Louisville is located in central Barbour County in the southeast corner of the state.
Old Louisville School Louisville was well-established by 1819, in what was then Creek territory. Sources differ, however, on whether it was named either after the first capital of Georgia or after Daniel Lewis, its first settler. Louisville has the distinction of serving briefly as the county seat for two counties; in 1821, it was named the county seat for Pike County, and in 1832, when it became part of Barbour County, it was designated as county seat but was replaced by Clayton in 1834. Louisville was incorporated in 1834, although one source cites 1887 as the incorporation date. The town raised a company of men to fight in the Second Creek War; the Battle of Hobdy’s Bridge and the Battle of Pea River both took place about six miles from town. Louisville also sent men to fight in the Civil War.
In 1888, the Central of Georgia Railroad ran a line through Louisville. The first automobile appeared in Louisville in 1908. The lumber industry was a part of the local economy as early as 1828 and continued to play an important role until the mid-twentieth century.
According to 2020 Census estimates, Louisville recorded a population of 618. Of that number, 55.8 percent of respondents identified themselves as African American, 39.3 percent as white, 4.7 percent as two or more races, 3.1 percent as Hispanic, and 0.2 percent as Native Hawaiian or Pacific Islander. The city’s median household income was $33,750, and per capita income was $19,280.
According to 2020 Census estimates, the workforce in Louisville was divided among the following industrial categories:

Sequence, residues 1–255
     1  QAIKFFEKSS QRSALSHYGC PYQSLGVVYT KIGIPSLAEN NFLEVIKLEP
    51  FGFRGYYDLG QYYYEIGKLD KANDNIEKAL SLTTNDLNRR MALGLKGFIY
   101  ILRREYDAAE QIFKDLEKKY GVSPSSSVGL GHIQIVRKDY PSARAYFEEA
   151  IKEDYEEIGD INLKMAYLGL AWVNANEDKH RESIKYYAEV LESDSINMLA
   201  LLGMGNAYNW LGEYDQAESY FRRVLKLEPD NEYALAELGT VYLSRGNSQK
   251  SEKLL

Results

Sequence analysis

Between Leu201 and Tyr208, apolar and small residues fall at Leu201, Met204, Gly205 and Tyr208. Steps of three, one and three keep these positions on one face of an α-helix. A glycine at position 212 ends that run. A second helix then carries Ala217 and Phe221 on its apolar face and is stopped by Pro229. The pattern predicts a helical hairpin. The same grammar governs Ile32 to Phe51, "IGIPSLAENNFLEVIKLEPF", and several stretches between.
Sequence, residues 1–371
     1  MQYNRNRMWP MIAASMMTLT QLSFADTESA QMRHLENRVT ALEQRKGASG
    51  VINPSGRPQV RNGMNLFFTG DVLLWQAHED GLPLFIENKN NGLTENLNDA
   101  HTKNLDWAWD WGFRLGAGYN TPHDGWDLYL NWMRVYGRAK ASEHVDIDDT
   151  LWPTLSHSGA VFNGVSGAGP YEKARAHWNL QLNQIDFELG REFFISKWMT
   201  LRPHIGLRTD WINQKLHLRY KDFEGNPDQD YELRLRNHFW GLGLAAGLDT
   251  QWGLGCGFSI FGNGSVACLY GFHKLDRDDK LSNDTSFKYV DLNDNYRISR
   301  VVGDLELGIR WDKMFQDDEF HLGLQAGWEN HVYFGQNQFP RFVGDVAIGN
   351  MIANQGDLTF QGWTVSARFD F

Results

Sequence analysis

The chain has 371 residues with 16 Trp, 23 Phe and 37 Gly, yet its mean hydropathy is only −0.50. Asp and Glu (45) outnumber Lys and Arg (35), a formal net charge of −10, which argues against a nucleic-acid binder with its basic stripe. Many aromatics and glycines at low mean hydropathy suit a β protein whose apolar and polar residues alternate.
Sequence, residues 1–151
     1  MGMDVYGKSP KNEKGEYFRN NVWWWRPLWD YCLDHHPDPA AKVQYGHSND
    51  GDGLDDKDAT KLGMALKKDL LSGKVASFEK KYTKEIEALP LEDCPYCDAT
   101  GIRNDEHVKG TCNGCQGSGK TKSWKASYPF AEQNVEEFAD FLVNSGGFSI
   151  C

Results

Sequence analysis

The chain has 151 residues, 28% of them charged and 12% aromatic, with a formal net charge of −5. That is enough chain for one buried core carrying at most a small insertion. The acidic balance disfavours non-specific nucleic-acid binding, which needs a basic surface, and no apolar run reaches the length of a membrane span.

- Manufacturing (46.2 percent)
- Public administration (20.7 percent)
- Arts, entertainment, recreation, and accommodation and food services (9.1 percent)
- Educational services, and health care and social assistance (6.5 percent)
- Retail trade (3.6 percent)
- Agriculture, forestry, fishing and hunting, and extractive (3.3 percent)
- Construction (3.3 percent)
- Professional, scientific, management, and administrative and waste management services (2.9 percent)
- Other services, except public administration (1.8 percent)
- Transportation and warehousing and utilities (1.8 percent)
- Finance, insurance, and real estate, rental, and leasing (0.7 percent)
Schools in Louisville are part of the Barbour County School District; the town has one intermediate school and one middle school and one private school.
State Highway 51 runs from southwest-northeast through Louisville, State Highway 31 west, and County Roads 21 and 33 both roughly southeast. Clayton Municipal Airport is located 10 miles to the northeast.
Events and Places of Interest
Blue Springs State Park is located about seven miles south of Louisville; it features a swimming facility fed by a natural underground spring that pumps 3,600 gallons of water per hour into a pair of concrete-ringed pools.
Barbour County Heritage Book Committee. The Heritage of Barbour County, Alabama. Clanton, Ala.: Heritage Publishing Consultants, 2001.